A positive outcome for employees in this new post-COVID-19 world is we are seeing flexible and remote working becoming more common in the workplace. However, while these arrangements can be extremely beneficial for employees looking for better work-life balance, this can leave employers open to new workplace issues including bullying, discrimination and an increasing lack of accountability from some team members. Without being physically in the office and through the absence of face-to-face contact, we are hearing some employees are becoming more abrupt in their interactions with others and in some cases, deliberately distancing themselves from their managers.
In the current employment market, candidates have high expectations around having some flexibility and remote working options. To stay competitive, employers should be willing to meet some of these new demands. But the key is getting the balance right. Employers need to protect themselves as well as offering flexible working arrangements that maintain employee engagement, connectivity, accountability and productivity.
In a recent Brisbane Times article, Spike in workers bullying, blackmailing bosses while working from home, the director of Brisbane law firm NB Lawyers, Jonathan Mamaril, said he had seen working from home leading to some challenging scenarios. This included employers being deliberately left out of Zoom calls, management being bypassed, employees refusing to give up computer hardware and in one instance, an employee gaining access to salary figures across their organisation and using this to demand a pay rise. Cases such as these flag the need for employers to safeguard their business.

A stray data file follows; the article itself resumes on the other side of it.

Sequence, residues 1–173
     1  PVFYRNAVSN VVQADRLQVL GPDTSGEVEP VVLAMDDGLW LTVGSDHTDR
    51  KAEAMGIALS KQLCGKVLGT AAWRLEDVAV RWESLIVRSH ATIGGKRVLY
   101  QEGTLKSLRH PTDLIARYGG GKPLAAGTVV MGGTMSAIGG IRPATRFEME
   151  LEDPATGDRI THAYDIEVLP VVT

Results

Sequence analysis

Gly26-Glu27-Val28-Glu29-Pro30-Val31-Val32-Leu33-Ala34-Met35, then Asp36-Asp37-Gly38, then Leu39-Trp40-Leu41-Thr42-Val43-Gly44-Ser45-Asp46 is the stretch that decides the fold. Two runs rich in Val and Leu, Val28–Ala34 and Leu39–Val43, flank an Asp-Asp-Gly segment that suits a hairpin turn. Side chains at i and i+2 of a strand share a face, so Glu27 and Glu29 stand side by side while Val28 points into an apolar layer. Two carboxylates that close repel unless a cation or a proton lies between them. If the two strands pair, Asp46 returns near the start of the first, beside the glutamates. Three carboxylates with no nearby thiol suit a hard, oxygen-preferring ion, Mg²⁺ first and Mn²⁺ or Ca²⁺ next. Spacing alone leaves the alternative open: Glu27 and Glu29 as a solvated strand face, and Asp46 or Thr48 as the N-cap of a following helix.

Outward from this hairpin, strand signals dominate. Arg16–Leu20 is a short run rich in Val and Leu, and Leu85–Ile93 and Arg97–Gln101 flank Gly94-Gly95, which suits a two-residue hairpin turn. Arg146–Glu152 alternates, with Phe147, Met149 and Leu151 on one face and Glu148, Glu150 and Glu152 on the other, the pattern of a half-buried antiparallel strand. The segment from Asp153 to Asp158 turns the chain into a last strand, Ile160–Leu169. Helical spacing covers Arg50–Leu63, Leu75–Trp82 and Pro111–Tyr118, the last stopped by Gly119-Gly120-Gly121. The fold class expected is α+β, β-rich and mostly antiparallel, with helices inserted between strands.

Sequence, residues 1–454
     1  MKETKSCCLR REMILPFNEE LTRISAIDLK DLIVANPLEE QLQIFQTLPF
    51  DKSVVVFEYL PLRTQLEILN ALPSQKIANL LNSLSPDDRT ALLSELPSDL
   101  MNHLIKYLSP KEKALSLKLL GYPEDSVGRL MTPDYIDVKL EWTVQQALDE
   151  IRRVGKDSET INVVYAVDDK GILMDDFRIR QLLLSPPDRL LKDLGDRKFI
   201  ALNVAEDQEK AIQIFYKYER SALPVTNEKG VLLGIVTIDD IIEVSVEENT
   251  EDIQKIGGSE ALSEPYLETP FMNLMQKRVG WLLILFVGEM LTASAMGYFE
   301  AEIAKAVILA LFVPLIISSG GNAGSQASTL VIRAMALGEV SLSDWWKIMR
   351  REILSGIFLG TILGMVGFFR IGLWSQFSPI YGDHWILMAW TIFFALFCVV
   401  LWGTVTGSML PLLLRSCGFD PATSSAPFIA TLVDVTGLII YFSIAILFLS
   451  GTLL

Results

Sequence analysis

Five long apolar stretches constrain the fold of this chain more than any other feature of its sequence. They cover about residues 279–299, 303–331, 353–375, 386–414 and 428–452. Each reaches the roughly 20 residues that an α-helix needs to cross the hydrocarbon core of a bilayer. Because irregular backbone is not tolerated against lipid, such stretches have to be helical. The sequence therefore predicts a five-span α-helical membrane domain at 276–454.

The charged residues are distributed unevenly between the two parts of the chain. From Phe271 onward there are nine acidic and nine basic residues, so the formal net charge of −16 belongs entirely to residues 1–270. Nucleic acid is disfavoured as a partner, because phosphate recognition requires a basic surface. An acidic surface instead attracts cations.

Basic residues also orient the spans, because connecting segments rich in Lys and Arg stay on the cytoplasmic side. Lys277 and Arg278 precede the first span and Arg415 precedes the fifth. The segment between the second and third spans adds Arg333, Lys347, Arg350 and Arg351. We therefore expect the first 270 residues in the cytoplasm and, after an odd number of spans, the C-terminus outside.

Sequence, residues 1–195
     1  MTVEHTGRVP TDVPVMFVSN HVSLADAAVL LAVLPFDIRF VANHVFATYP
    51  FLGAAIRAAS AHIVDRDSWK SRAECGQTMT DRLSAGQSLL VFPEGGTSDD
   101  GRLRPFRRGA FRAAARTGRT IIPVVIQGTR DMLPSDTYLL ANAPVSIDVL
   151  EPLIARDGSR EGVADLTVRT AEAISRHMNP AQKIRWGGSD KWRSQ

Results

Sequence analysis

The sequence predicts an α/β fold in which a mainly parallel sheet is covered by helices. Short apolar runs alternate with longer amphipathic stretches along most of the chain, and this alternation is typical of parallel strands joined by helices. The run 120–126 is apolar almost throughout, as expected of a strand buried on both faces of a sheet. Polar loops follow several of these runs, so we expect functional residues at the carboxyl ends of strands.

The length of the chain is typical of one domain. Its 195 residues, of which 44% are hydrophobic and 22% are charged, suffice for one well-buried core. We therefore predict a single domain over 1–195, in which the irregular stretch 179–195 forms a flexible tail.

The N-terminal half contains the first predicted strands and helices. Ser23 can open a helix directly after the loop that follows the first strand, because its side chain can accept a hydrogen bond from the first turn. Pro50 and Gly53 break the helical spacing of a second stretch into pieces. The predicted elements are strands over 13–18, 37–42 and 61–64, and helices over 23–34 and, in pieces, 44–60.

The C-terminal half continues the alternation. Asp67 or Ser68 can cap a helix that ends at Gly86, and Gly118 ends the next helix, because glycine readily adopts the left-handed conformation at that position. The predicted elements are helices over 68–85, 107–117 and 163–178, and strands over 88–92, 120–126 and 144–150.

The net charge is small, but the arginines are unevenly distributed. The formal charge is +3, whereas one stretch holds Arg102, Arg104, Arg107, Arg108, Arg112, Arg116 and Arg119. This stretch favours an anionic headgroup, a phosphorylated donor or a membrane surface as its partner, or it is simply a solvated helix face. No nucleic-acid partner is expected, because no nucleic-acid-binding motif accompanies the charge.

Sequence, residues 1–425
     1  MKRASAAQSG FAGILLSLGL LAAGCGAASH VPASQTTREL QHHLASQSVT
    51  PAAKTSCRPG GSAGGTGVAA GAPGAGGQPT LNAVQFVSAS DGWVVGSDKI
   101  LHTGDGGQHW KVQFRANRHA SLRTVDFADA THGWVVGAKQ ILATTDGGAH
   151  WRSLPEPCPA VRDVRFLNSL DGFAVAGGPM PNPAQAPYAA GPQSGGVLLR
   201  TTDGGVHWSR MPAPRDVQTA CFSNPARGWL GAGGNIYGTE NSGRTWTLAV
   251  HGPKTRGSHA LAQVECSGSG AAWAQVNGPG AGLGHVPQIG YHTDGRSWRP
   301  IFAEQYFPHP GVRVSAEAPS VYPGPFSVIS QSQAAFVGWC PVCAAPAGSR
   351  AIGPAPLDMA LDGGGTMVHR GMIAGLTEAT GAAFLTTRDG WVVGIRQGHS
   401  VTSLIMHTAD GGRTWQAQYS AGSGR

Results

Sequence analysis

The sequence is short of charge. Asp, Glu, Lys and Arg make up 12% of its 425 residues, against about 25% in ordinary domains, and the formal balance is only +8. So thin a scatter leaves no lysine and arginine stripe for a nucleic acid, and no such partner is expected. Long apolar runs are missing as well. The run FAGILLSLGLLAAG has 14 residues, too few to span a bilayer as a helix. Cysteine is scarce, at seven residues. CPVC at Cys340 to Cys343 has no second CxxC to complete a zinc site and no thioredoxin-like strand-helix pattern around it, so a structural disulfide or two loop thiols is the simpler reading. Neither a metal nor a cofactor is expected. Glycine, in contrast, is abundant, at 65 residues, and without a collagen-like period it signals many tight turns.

It’s not all bad news though. Carroll Consulting’s recent industry study into the impacts of COVID-19 on the legal profession found the majority of working from home arrangements had not led to a dip in productivity at all. What is clear is each organisation needs a framework in place to ensure employees regularly check in with their managers, work-in-progress meetings are held daily if necessary to ensure transparency and collaboration and clear KPIs are agreed on, providing employees with accountability and ownership over their work.
Employers need to have a good conversation with their team before introducing more flexibility – ‘how are we going to make this work?’. By getting the team together to collectively agree on a plan you are setting the expectations from the start and in addition to implementing policies and procedures, hopefully ensuring a successful working environment.
Without structure and team buy in, the detrimental impacts could include:
- Physical and mental health issues
- A negative effect on company culture and the potential deterioration on the business
- A stifled ability to engage with staff – not just socially but being able to train, develop and upskill people in the company
- Personal financial issues.
Our top recommendations for employers:
- Seek advice and support if you’re struggling
- Know your rights
- Develop clear policies and procedures and communicate these with your team members
- Talk to your employees, be reasonable and stay in contact!
This great Australian HR Institute article provides some tips for organisations creating more part-time roles and flexible working arrangements. Some key take outs include:
- Organisations should be willing to adapt and respond to new employee expectations
- Be open to alternative arrangements, including job sharing
- Build more collaborative places, fewer fixed desks and a more mobile workplace
- Design roles for the individual hours, allowing for administration, team management and other non-task specific activities.
These 1-2 years following COVID-19 will see many cases of trial and error as we work together to shape a new way of working moving forward. But being proactive and clear on how it will work within your business from the get-go will help you keep pace with candidate and team expectations and ensure the new working arrangements complements your already strong organisational culture.
If you would like to discuss more, I’m always happy to chat.